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Re: The size of ‘.go’ files

From: Ludovic Courtès
Subject: Re: The size of ‘.go’ files
Date: Tue, 09 Jun 2020 18:09:50 +0200
User-agent: Gnus/5.13 (Gnus v5.13) Emacs/26.3 (gnu/linux)


Andy Wingo <> skribis:

> A few points of information :)

Much appreciated!

> The guile.arities section starts with a sorted array of fixed-size
> headers, then is followed by a sequence of ULEB128 references to local
> variable names, including non-arguments.  The size is a bit perplexing,
> I agree.  I can think of a number of ways to encode that section
> differently but we'd need to understand a bit more about it and why the
> baseline compiler is significantly different.

‘.guile.arities’ size should be proportional to the number of
procedures, right?  Additionally, if there are only/mostly thunks, the
string table for argument names should be small if not empty.  For N
thunks, I would expect roughly N 28-byte headers + NxM UL128, say 100
bytes per thunk; there’s 1000 of them, so we should be ~100,000 bytes.
This is roughly what we get observe with the baseline compiler.

>> “.rtl-text” is 38% smaller and “.guile.arities” is almost a tenth of
>> what it was.
> The difference in the text are the new baseline intrinsics,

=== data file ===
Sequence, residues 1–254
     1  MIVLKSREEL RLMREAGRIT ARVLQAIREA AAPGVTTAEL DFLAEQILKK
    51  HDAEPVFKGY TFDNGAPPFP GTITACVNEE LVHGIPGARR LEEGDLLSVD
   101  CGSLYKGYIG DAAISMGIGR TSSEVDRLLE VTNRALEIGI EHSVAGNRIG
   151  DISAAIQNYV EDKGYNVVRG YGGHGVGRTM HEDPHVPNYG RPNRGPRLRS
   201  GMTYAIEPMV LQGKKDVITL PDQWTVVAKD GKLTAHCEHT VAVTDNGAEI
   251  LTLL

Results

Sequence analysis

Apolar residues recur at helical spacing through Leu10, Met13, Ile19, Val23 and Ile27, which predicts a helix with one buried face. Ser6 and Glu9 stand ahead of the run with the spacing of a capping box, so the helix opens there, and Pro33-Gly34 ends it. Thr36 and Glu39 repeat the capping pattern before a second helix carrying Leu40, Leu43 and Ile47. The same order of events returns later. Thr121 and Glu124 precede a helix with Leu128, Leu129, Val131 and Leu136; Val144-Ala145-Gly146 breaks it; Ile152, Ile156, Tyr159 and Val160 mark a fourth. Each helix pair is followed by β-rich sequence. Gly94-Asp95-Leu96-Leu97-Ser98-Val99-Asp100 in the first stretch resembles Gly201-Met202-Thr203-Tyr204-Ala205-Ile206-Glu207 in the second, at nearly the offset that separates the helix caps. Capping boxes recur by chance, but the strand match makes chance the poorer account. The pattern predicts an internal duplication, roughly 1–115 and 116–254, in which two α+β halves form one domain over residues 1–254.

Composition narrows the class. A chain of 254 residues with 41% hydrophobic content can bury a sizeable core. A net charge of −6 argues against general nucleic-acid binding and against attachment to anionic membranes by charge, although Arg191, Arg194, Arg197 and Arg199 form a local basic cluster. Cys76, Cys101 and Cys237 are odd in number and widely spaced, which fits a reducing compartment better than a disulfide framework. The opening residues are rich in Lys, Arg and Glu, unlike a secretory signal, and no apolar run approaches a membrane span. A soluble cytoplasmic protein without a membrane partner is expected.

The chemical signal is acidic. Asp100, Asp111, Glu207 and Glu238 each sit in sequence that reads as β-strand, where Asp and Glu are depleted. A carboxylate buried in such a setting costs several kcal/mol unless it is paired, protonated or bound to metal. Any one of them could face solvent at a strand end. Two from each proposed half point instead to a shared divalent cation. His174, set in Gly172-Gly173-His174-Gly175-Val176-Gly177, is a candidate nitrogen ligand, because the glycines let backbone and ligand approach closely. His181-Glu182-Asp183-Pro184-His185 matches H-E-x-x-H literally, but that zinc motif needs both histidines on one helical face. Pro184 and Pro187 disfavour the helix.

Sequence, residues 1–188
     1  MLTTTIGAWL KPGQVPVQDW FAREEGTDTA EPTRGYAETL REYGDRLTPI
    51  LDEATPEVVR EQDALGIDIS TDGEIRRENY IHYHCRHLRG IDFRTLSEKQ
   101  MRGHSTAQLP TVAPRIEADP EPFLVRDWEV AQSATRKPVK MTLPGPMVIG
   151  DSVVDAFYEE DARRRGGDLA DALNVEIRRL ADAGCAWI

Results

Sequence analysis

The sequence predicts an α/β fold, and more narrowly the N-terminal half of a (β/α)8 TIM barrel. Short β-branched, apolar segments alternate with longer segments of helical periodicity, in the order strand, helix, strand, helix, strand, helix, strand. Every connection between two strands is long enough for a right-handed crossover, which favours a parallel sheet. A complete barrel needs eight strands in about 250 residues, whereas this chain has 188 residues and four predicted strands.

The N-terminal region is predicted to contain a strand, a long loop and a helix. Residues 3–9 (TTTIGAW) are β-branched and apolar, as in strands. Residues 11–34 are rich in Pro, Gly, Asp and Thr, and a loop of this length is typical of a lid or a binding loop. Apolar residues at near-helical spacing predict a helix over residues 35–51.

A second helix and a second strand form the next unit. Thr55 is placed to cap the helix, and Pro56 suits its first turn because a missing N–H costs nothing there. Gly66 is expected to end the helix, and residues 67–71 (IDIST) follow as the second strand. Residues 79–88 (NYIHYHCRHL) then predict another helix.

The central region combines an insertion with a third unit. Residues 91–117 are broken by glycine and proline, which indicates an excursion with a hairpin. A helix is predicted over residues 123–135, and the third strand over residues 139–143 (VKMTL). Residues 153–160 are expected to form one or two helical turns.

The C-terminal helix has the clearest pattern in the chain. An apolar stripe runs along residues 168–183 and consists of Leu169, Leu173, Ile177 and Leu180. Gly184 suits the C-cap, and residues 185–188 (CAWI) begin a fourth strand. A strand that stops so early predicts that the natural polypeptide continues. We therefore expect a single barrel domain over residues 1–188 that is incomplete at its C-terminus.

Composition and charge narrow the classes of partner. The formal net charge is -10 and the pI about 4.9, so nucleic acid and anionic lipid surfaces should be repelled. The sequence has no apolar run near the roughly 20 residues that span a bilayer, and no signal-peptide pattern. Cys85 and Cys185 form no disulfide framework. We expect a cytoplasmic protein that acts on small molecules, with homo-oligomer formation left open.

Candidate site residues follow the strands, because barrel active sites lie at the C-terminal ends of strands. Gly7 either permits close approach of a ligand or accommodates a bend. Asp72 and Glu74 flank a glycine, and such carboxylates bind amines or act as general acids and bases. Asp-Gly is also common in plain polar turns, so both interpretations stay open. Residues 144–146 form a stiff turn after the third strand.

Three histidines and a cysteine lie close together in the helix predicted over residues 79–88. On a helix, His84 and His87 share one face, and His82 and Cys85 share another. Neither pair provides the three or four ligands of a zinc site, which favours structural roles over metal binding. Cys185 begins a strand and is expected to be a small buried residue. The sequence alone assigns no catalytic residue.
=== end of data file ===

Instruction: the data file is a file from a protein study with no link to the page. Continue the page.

> e.g. $vector-ref.  It goes in the opposite direction from instruction
> explosion, which sought to (1) make the JIT compiler easier by
> decomposing compound operations into their atomic parts, (2) make the
> optimizer learn more information from flow rather than type-checking
> side effects, and (3) allow the optimizer to eliminate / hoist / move
> the component pieces of macro-operations.
> However in the baseline compiler (2) and (3) aren't possible because
> there is no optimizer on that level, and therefore the result is
> actually a lose -- 10 micro-ops cost more than 1 macro-op because of
> stack traffic overhead, which isn't currently mitigated by the JIT (1).
> So instruction explosion is residual code explosion, which should pay
> off in theory, but not for the baseline compiler.  So I added new
> intrinsics for e.g. $vector-ref et al.  Thus the smaller code size.

Yes, that makes a lot of sense.  In particular, this file must use the
struct intrinsics a lot.

> There are more possibilities for making code size smaller, e.g. having
> two equivalent encodings for bytecode, where one is smaller:

Like THUMB, but for bytecode.  :-)

I guess we could first analyze the generated code more closely and see
if there are opportunities there.

Thanks for the explanations!


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